Ngorongoro and Serengeti Safari
At 14,763 square kilometres in size, Ngorongoro and Serengeti Safari is arguably one of the finest experiences in Africa and offers a wealth of wildlife viewing opportunities.
Pretty much every large animal in East Africa can be regularly seen in the Ngorongoro crater national park or wider ecosystem.
When you include all the contiguous protected areas, of which Ngorongoro crater area is one of the most noteworthy, the total size of the entire Serengeti-Mara ecosystem is a staggering 30,000 square kilometres packed choc-full of truly extraordinary wildlife sightings.
Renowned for its predators – especially lions, leopards and cheetahs – and with plenty of elephants favouring the western woodlands of Grumeti, the Serengeti dazzles even the most hardened wildlife safari critics.
There is even a recovering black rhino population concentrated around Moru Kopjes giving visitors a realistic chance to sighting all of the Big Five (lion, elephant, rhino, leopard and buffalo), although the critically endangered black rhinos will undoubtedly prove the greatest challenge.
Exploring the unique Ngorongoro Crater – surrounded by the towering volcanic walls on every side and blessed with prolific and extremely well-habituated wildlife – almost feels like you’re driving through a zoo; only the surrounding crater scenery is jaw-droppingly impressive.
With the greater Serengeti ecosystem so blessed with wildlife and scenic beauty, it is hard to imagine it could have anything more to offer, but the great East African migration steals the show.
Highlights of the Attraction
When it comes to Serengeti highlights there are so many (as alluded to previously), but there is quite simply nothing to match the great migration with its sheer numbers, noise, majesty and splendour.
Importantly, there is no beginning or end to the great migration, so you can witness the great herds during any month of the year so long as you plan your safari to visit the right region within the ecosystem to coincide with where the animals are concentrated at that particular time of the cycle.
The rainfall drives the movement patterns of the great herds of wildebeest and other plains game, so it must be emphasized that the description below refers to a typical year of normal rainfall in the usual seasons.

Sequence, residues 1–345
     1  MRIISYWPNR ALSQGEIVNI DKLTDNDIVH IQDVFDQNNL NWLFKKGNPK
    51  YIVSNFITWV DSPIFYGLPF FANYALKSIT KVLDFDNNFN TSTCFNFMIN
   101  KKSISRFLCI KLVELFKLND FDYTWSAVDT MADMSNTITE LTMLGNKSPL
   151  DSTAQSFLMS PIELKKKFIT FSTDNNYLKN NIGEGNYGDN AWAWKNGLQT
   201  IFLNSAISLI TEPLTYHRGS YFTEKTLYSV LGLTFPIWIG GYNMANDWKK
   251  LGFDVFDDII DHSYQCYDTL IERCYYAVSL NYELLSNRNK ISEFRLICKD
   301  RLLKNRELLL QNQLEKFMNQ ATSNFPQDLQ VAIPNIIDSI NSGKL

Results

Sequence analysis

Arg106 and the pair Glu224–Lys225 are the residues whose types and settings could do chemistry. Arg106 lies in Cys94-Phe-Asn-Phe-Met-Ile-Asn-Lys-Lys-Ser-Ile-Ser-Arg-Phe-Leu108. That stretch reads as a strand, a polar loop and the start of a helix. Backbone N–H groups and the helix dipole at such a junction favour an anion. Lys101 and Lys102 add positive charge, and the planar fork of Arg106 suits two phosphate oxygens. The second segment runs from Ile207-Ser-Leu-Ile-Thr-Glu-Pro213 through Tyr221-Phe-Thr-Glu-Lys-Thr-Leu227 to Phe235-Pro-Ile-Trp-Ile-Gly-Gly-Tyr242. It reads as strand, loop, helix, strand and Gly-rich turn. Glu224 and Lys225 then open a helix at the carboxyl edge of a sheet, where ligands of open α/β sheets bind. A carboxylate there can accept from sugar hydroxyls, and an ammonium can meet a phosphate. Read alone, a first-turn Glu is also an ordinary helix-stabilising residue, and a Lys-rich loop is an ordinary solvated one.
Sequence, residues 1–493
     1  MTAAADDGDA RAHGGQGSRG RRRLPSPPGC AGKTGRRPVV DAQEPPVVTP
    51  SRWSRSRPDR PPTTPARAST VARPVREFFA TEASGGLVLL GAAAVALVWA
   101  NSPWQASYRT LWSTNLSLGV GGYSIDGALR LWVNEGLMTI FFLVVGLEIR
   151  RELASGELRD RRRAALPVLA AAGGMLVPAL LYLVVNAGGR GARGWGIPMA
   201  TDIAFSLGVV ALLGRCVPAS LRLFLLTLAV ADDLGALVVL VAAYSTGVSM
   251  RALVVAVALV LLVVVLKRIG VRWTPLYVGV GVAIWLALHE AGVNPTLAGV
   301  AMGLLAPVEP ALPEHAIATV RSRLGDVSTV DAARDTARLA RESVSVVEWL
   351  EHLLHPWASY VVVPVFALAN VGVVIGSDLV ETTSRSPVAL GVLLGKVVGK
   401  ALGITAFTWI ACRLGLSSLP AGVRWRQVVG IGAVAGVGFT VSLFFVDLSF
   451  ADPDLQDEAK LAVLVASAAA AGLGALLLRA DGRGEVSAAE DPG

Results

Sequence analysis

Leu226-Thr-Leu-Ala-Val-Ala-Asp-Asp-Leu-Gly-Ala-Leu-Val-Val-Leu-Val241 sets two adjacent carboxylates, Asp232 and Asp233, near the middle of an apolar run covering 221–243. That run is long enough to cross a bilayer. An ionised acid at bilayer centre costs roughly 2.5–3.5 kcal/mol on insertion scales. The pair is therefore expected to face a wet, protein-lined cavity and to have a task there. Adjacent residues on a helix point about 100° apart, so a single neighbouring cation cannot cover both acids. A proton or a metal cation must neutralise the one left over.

It is not uncommon for the wildebeest movements to be delayed or sped up if unseasonal rainfalls in another part of the ecosystem, attracting the animals to the green flush that follows. Typically the wildebeest and zebra herds, along with decent numbers of eland and gazelles, will shift as follows:
In January and February the great herds are ensconced on the nutritious short-grass plains in the south and southeast of the ecosystem with their newly born calves.
The zebra and gazelle do not have a pronounced birth spike like the wildebeest and their birthing period is more spread out between the months of December and April.
In March and April, at the height of the green or emerald season, the great herds typically start to come together with their young calves usually in the vicinity of Naabi Hills on the southern plains where they reach their highest densities.
- In April or May, the northward migration begins (this is called the Moru Crush when the Great migration exits the plains through a narrow valley at Moru Kopjes) with the wildebeest rut then taking place around May in the Seronera region of the central Serengeti.
May or June sees the first of the iconic river crossings when the herds make their way across the Grumeti River in the western Serengeti.
July to October sees the herds enter the far north of the ecosystem as they cross the Mara River in the northern Serengeti in what many safari stalwarts consider to be the holy grail of safari sightings.
It certainly is a sight to behold: thousands of wildebeest plunging into crocodile-infested waters driven forward by instinct and an irresistible urge to access fresh grazing on the other side.
- From October to November, the herds turn and move southward and into the central Serengeti once more.
This is probably the most unpredictable time with huge columns of wildebeest veering off – often back into the western corridor – depending on wherever the first showers have fallen and fresh green grass is emerging
The Great migration is quite unique in that it is a perpetual phenomenon without beginning or end. It is universally regarded as one of the greatest wildlife spectacles on earth.
The sound alone is deafeningly impressive. It is, however, often very difficult to appreciate the scope and sheer size of the Great migration because, without a bird’s eye view of proceedings, it is difficult to comprehend the sprawling scale of the wildebeest numbers on a Tanzania Safari.
A sunrise hot air balloon ride is the ideal way to appreciate the huge herds and long columns of plodding animals.